February 2023: Kayla Allemang, P.E.

Kayla, you are a Senior Transmission Services Engineer for Seminole Electric Cooperative, can you tell us a little bit about your background, how you got your start in the industry, and your current role at Seminole Electric?

I graduated from the University of South Florida (USF), Go Bulls! with a Bachelor of Science in Electrical Engineering. I started as an entry-level Transmission Planning Engineer at Seminole Electric Cooperative straight out of school. I worked in Transmission Planning for eight (8) years modeling and analyzing Seminole and Member transmission systems as well as ensuring compliance with NERC Reliability Standards. In 2021, I accepted a new role as Senior Engineer in the Transmission Services department where I coordinate Member projects, oversee Seminole’s generation and transmission interconnection process, evaluate distributed solar opportunities, and assist with the transmission rate process.

Seminole Electric Cooperative serves approximately 1.9 million consumers in 42 of Florida’s 67 counties and included in your role is coordinating member projects, can you share some information about some of the current projects you are excited about? 

Seminole’s nine (9) distribution cooperatives range from service territories outside Tallahassee to as far south as Lake Okeechobee.  Our Members, by nature, serve many of the rural communities in Florida and as the larger cities in Florida reach a point of saturation in regards to growth, our Member communities are beginning to see and have seen rapid growth in recent years. Our Members are increasing in new residential communities as well as commercial/industrial such as health complexes, retirement communities, indoor agriculture, and data mining, just to name a few! It’s exciting (and a little scary) to be involved in a large volume of projects. Projects include new substations, new transmission lines, and significant upgrades to the existing infrastructure all of which are required to provide safe, reliable, and affordable service to our Member consumers.

The industry is rapidly changing and will continue to shift during our careers, what do you find challenging with the constant evolution of technology?

The most challenging for me, and I’m assuming most have this problem, is having the time to stay abreast of the ever-changing energy landscape, including new reforms and technology. I, just like many of the readers, have increasing responsibilities at work, children, a partner, friends, house chores, you name it, and adding time to read and understand the changes in industry on top of it all is a huge challenge. It’s not just the technologies that are changing the work like the newest solar technology or introductions of microgrids and battery storage but it’s also the technologies that change the way we work such as new and improved software, processes, procedures, etc. It’s a lot of information but thankfully there are great tools and resources out there to assist in the information overload. Question 5 below talks about one of the best resources for engineers and there are also plenty of podcasts and books. Also, utilize the peers around you with a wealth of knowledge just waiting to be passed down!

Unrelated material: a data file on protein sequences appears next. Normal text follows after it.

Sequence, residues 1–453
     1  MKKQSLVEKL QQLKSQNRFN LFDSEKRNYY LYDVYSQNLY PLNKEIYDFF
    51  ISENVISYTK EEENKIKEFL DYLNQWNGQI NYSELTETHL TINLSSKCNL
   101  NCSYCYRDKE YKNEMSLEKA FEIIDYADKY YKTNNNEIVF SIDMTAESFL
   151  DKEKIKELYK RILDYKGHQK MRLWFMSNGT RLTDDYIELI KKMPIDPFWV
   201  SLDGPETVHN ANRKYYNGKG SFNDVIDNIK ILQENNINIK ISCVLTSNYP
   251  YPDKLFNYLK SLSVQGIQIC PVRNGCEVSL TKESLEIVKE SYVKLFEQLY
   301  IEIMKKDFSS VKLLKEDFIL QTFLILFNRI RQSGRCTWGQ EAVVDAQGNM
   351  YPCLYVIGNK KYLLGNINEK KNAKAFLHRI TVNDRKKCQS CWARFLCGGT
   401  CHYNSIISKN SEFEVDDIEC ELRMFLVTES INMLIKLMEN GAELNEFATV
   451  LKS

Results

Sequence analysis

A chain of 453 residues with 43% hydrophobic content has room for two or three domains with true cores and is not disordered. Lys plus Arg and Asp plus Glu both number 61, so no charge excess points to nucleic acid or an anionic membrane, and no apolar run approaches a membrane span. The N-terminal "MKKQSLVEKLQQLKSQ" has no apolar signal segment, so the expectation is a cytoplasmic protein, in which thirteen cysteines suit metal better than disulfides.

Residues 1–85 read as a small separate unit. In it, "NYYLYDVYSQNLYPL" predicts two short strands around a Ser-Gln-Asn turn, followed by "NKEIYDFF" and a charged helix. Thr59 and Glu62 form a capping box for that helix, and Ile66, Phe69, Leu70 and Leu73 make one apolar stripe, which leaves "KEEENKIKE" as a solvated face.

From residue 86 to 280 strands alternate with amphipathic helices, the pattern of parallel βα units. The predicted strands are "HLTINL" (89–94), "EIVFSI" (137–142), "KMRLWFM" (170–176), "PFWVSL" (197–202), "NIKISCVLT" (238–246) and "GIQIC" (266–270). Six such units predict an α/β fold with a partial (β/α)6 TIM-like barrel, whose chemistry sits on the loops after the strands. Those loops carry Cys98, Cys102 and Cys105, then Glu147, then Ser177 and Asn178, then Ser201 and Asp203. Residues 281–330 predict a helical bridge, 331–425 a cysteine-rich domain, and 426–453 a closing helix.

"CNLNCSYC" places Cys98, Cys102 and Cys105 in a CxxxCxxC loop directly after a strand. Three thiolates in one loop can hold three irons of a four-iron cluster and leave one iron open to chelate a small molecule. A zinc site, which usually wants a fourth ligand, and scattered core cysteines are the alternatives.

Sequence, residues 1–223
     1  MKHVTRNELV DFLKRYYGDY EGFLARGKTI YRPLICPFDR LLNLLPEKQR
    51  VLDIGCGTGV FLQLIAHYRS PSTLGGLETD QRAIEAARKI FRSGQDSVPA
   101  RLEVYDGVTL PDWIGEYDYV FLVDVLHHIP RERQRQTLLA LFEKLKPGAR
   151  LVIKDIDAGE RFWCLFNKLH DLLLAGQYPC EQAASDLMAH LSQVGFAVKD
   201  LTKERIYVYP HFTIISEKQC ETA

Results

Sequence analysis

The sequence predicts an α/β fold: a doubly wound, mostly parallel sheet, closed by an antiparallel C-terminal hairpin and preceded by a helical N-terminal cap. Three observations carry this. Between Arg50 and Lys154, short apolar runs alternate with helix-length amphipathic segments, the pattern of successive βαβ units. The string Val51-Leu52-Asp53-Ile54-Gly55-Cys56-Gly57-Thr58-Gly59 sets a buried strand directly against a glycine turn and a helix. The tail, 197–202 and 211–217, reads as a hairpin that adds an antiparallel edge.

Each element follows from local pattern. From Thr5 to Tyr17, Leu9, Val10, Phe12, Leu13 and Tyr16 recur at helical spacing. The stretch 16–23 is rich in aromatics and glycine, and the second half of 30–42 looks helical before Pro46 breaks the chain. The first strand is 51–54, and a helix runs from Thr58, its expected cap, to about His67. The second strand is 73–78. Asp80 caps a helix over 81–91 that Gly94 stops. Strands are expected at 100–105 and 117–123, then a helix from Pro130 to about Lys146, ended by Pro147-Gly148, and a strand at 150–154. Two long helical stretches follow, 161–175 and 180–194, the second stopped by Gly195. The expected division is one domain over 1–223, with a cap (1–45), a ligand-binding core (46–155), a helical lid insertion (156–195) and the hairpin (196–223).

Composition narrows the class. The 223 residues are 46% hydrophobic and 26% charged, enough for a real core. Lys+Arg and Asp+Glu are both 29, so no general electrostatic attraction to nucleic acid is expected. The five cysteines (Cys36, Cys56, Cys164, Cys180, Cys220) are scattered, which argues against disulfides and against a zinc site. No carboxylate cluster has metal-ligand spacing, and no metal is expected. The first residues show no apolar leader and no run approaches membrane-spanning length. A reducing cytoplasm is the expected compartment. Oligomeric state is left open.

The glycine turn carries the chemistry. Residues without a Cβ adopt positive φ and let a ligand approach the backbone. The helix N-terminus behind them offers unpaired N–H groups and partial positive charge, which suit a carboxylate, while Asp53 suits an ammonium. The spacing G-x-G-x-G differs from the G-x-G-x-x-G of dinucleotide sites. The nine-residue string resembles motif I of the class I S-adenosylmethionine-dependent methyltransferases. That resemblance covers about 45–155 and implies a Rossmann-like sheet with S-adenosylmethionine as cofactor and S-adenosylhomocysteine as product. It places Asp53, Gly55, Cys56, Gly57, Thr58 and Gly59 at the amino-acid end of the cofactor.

Seminole Electric Cooperative was impacted by multiple storms this past hurricane season, as a cooperative what is most important during storm response and what lessons have you learned?

For Cooperatives during storm response, the most important factor is mutual aid. Because of our business model, and the cooperative principle “cooperation amongst Cooperatives” whenever Florida is impacted, we typically receive hundreds of cooperative crews from out of state that help restore power. In turn we send cooperative crews to other areas when they have ice storms, tornadoes, etc. Seminole has found a place helping coordinate the fuel and other logistics for these out of state crews when they come to help our Members. The most important lesson we have learned is that there is strength in numbers, and that local communities can band together to solve big problems. Even though we might not be as big as other utilities, because we are a cooperative, and because we are not for profit, we can draw on other cooperative resources from across the country to ensure that we can get our folks lights back on as safely, and as quickly, as possible.